Having grown up in a small Midwestern town in the Sixties, most of my formative cultural experiences came to me via network television. This was one of them:
[Louis] Armstrong’s moral wholeness was caught in the words his mother spoke to him on her deathbed in 1927: ”Son, carry on. You’re a good boy. You treat everybody right, and everybody white and colored loves you. You have a good heart. You can’t miss.” Thirty-seven years later, I saw him for the first time, singing ”Hello, Dolly” on ”The Ed Sullivan Show.” I didn’t know who the old man with the ear-to-ear smile was, but I can remember my mother calling me into the living room and saying: ”This man won’t be around forever. Someday you’ll be glad you saw him.” That was in 1964, back when the public schools in my hometown were still segregated, two decades after a black man was dragged from our city jail, hauled through the streets at the end of a rope and set afire. Yet even in a place where such a monstrous evil had once been wrought, white people came to love Louis Armstrong–and, just as important, to respect him–not merely for the beauty of the music he made but also for the self-evident goodness of the man who made it.
Now that ABC, CBS, and NBC have lost their once-central position in American culture, I find myself recalling with intense nostalgia the TV shows that did so much to introduce me to the world beyond the city limits of Smalltown, U.S.A. These are the ones I remember best:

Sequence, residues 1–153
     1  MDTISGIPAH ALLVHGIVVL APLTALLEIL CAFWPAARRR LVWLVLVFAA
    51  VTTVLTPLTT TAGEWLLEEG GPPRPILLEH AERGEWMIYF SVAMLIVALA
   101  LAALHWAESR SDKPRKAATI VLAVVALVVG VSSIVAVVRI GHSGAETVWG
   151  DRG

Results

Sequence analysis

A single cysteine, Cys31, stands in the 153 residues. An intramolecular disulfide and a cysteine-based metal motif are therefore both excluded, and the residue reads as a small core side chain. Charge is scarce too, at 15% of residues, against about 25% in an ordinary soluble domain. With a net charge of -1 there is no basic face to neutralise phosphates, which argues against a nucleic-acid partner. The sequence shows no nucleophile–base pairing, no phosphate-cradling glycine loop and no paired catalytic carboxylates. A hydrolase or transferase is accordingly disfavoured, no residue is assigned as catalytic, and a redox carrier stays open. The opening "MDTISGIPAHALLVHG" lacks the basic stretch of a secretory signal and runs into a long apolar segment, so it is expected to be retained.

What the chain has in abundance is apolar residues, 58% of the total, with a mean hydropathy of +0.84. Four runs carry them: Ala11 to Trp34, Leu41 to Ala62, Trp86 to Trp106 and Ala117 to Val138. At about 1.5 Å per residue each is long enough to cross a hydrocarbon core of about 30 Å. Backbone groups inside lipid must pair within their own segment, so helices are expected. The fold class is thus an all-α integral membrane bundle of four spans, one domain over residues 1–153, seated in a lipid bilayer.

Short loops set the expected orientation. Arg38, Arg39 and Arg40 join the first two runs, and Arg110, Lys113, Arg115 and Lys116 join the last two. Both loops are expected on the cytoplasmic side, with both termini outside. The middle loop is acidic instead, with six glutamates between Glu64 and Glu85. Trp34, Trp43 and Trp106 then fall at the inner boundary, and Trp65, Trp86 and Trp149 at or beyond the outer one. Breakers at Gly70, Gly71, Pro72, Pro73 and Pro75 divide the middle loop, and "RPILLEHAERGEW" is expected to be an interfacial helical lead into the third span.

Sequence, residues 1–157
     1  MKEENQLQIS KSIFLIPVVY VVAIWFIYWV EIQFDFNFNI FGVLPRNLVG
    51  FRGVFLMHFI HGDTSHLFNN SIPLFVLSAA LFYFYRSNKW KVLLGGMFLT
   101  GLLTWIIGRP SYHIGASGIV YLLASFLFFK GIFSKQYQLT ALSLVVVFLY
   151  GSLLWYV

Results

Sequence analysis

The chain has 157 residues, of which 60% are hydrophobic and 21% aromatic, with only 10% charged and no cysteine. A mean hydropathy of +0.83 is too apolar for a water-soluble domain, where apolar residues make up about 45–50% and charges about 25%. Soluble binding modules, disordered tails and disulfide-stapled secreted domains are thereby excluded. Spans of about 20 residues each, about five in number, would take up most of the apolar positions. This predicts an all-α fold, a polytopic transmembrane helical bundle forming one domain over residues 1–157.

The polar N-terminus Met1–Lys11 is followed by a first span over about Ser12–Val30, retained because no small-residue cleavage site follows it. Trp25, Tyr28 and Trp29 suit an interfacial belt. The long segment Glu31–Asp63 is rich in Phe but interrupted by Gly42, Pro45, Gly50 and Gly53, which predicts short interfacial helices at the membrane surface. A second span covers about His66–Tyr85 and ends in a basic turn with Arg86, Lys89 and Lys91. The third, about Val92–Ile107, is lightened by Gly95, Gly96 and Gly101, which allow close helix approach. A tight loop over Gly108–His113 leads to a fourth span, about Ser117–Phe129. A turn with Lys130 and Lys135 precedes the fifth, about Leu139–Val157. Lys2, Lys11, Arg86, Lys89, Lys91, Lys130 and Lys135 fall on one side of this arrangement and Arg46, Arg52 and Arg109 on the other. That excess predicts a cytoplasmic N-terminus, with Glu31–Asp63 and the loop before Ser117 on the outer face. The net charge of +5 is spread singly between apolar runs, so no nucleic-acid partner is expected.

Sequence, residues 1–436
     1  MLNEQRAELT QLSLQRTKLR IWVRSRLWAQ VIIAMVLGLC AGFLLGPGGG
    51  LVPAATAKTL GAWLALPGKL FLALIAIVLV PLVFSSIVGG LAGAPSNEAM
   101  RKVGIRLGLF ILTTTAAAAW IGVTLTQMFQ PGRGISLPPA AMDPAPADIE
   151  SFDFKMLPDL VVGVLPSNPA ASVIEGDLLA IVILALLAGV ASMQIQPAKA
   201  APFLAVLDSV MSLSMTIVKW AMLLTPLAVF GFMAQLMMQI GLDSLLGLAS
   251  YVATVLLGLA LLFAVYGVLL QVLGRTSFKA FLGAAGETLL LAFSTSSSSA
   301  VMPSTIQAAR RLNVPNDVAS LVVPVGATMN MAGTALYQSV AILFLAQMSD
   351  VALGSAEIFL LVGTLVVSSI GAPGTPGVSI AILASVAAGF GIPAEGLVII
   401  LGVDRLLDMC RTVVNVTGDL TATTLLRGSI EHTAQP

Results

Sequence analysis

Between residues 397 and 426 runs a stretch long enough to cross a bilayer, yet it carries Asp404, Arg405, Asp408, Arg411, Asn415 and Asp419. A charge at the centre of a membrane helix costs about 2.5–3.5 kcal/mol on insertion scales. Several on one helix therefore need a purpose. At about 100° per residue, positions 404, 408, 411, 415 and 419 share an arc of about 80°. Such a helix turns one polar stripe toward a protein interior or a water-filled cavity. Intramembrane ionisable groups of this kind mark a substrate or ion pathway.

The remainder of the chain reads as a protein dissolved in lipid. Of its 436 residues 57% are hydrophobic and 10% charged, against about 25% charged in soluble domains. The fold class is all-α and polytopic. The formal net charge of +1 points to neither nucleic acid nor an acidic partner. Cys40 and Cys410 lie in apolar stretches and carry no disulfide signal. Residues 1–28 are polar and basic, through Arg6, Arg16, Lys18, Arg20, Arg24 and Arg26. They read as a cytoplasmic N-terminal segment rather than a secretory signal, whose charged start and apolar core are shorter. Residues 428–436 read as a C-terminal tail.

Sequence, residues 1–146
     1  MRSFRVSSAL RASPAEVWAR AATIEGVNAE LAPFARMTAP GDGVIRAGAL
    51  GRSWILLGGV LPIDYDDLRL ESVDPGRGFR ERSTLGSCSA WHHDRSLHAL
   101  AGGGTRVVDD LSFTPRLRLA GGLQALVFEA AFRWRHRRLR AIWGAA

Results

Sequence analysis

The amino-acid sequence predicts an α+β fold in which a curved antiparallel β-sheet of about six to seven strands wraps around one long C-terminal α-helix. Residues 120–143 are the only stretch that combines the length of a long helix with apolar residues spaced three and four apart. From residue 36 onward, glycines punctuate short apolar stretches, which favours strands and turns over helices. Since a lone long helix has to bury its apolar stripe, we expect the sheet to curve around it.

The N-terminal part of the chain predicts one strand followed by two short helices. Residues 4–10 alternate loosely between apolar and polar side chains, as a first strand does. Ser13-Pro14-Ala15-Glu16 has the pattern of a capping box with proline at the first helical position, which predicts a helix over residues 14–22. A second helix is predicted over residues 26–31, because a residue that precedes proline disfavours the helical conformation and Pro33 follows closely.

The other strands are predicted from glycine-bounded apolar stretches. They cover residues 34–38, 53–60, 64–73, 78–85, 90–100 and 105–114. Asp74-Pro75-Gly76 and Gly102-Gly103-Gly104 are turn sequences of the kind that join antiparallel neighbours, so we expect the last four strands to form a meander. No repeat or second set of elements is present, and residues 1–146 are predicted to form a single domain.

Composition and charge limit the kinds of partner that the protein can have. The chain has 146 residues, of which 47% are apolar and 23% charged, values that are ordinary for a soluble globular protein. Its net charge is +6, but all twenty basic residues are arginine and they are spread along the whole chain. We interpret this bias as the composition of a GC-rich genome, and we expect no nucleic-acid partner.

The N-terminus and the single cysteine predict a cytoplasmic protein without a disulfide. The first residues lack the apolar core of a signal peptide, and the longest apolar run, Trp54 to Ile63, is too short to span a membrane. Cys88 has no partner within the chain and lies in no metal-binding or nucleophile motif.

– NBC’s 1960 color telecast of Jerome Robbins’ musical version of J.M. Barrie’s Peter Pan, starring Mary Martin and Cyril Ritchard, was shot on videotape and rerun annually for a few seasons thereafter (I probably didn’t get around to seeing it until 1962 or so). It was a rarity that has since become rarer still: a TV version of a Broadway show that reproduced the original production with complete accuracy. Years later Robbins restaged “I’m Flying” for Jerome Robbins’ Broadway, and I was astonished by how clearly I remembered the number, in which Martin and the Darling children fly around the stage. Not long after that, the videotape was digitally restored and released, first on videocassette and then on DVD. I can see why it made so powerful an impression on me: it’s one of Robbins’ most perfectly realized pieces of theatrical work.
– I can’t remember when I first started watching Leonard Bernstein’s Young People’s Concerts on CBS, but it must have been some time in the early Sixties. I found them enthralling, and still do. As I wrote in The Wall Street Journal when they were first released on home video:
Leonard Bernstein spent an enormous amount of time and energy using TV, the ultimate middlebrow medium, to introduce ordinary Americans to the wonders of classical music. He taught a generation of children, myself among them, to love Bach, Beethoven, Brahms–and Copland.
No small part of his influence derived from the fact that the Young People’s Concerts were broadcast on CBS. Back in 1958, there were only three networks, and the FCC obliged them to devote a certain amount of time to high culture. Yet even without government oversight, I suspect they would have found time for Bernstein, because they were run by men who believed they had an obligation to offer their customers a not-so-occasional taste of something more elevating than “The Beverly Hillbillies.” I doubt that Ed Sullivan cared much for Maria Callas or Edward Villella, but that didn’t stop him from putting them on his show, along with Louis Armstrong and the original cast of “West Side Story.” All was grist for the middlebrow mill.